Thirteen years ago, Seth Prickett’s life was changed by a decision participate in a study abroad program while attending Linfield College. He was the fifth-generation to be born and raised in Washington County, and he was eager to go somewhere far away and culturally different. The class offered in Ghana, Africa seemed to fit both of those desires. Ghana was the first sub-Saharan colony to gain its independence in 1957. Ghana hosts a diverse population and is an example of democratic success. Prickett was a political science major and was also active in student government at Linfield. The history course he took that January was “Emergence of Modern Ghana,” and his project looked at the political structure of the country and how it manifested from 1957 to today. What started as just a curiosity about Ghana’s culture and history became a humanitarian and philanthropic venture that has helped to shape the future of Ghanaian children for years to come.
At the end of the term in Ghana, Prickett and 14 other students wanted to return the favor of generous hospitality for their guide, Charles Abakah. Abakah welcomed the students into his home and showed them around his community of Amonfro. The students wanted to know what Amonfro’s greatest need was. The guide showed them many parts of the community including the primary school. It was a lean-to with no real protection from the elements, so if it was rainy or too hot the kids could not attend class. This meant that they were not getting their educational needs met for a large percentage of the year.
The Ghanaian students’ enthusiasm for learning and the Linfield students’ desire to help them have a safe and reliable school building led to a project to rebuild the local primary school. The value of the U.S. dollar goes alot further in Ghana than in the states, and the Linfield students felt that they could raise enough money. They headed back to Oregon with motivation to complete the project.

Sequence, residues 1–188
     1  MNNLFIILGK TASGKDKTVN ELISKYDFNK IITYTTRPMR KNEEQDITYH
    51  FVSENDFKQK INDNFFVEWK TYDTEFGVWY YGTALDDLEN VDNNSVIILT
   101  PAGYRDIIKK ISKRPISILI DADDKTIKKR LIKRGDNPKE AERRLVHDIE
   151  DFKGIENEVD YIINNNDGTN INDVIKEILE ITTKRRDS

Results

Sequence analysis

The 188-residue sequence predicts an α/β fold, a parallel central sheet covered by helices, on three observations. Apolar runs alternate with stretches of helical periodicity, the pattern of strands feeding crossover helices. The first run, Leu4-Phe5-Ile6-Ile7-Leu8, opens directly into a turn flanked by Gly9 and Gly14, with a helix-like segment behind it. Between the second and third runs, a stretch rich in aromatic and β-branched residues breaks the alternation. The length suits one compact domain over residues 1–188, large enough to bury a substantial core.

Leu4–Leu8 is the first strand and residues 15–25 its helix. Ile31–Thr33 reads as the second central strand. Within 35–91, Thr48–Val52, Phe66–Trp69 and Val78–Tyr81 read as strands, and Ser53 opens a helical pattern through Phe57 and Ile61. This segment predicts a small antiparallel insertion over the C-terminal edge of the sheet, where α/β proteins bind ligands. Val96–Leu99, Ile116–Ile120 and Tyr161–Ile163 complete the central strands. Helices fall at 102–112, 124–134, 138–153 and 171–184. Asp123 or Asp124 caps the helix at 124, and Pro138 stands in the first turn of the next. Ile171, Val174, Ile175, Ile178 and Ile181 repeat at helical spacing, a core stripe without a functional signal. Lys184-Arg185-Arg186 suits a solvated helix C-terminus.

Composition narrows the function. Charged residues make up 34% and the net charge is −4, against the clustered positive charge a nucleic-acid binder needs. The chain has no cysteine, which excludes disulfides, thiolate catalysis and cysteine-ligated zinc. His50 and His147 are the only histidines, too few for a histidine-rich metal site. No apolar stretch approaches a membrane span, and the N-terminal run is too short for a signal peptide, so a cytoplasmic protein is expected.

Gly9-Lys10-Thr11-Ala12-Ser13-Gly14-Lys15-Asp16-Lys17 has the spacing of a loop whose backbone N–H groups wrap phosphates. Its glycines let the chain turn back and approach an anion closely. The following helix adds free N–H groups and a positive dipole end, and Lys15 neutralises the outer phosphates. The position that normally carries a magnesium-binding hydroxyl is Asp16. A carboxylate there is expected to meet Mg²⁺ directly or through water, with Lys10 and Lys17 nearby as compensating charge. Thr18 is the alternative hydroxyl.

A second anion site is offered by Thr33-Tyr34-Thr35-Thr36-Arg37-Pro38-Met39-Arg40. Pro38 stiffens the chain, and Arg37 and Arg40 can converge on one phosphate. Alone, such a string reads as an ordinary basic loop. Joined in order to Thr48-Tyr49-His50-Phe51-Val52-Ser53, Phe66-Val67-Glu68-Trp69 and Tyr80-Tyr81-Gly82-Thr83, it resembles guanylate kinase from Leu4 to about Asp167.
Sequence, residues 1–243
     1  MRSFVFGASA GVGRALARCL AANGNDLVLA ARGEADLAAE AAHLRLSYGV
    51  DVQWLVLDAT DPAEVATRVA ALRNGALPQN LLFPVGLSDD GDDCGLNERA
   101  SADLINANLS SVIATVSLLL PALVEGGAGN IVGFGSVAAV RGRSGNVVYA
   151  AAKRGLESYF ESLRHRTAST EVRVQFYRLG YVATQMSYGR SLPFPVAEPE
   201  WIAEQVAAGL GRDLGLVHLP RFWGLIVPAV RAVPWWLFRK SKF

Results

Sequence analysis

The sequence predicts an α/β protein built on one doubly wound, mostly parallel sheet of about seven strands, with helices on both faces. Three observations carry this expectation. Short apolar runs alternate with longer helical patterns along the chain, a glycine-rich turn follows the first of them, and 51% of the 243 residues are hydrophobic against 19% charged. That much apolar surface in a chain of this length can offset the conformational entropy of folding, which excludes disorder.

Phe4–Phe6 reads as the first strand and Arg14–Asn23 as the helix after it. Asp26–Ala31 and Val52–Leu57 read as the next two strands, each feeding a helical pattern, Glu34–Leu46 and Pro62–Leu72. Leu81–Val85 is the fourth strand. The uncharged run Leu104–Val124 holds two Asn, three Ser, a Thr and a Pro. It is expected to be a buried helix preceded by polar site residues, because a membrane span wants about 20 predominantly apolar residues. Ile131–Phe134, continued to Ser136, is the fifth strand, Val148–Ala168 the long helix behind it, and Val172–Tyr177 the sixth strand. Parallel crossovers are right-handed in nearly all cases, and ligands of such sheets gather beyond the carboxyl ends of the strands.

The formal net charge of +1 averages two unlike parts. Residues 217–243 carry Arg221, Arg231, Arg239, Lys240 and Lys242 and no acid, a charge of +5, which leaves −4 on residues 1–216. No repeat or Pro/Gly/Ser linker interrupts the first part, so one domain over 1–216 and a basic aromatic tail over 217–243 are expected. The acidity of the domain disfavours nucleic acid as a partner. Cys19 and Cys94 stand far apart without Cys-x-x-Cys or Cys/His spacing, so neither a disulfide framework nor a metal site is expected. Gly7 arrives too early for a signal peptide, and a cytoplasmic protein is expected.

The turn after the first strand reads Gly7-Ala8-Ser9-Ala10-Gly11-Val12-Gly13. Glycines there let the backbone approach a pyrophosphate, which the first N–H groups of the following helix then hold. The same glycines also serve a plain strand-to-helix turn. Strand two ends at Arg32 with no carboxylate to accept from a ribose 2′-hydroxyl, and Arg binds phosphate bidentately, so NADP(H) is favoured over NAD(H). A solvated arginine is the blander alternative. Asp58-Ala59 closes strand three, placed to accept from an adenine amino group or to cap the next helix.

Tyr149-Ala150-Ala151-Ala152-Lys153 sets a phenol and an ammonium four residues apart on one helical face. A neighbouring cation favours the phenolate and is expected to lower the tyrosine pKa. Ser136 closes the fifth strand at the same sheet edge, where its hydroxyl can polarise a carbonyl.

Back in the states, Prickett was elected student body president. Each year, Linfield College students select a charity to receive the proceeds from their fundraising efforts. As president, Prickett decided that this charity would be the Amonfro School. “Usually they chose large charities like the Red Cross, which is just a drop in the bucket and we wanted to make a bigger impact,” says Prickett. They raised half of the money needed by the time he graduated. After graduation, he went back to Ghana to teach a 4th grade class and kept working on the plans for the new school. He continued funding these improvements by sending Ghanaian baskets home to his parents, which they sold at their church.
The Amonfro Primary School was completed in 2007 and ended up costing about $22,000. Prickett read Three Cups of Tea around that time–a memoir about Greg Mortenson’s work building several schools in the middle east–and felt inspired to do more. So he set up a 501c3 and started planning the next project.
A trip to Big Milly’s Backyard, a beach hang out in Ghana, proved fruitful. Prickett met David Ash, who said he started a nonprofit to build and renovate schools. “That’s what I do!” exclaimed Prickett. Ash’s nonprofit, Building for a Future Generation (BFG), was based out of Ghana and they didn’t have a funding source. Seth had worked in the political world back in the U.S. so he knew how to have a fundraiser. Prickett founded Framework International and partnered with BFG. BFG watches over what happens on the ground while Framework International raises funds. Each year in September, Framework International holds a garden party to raise funds for the new and existing school projects.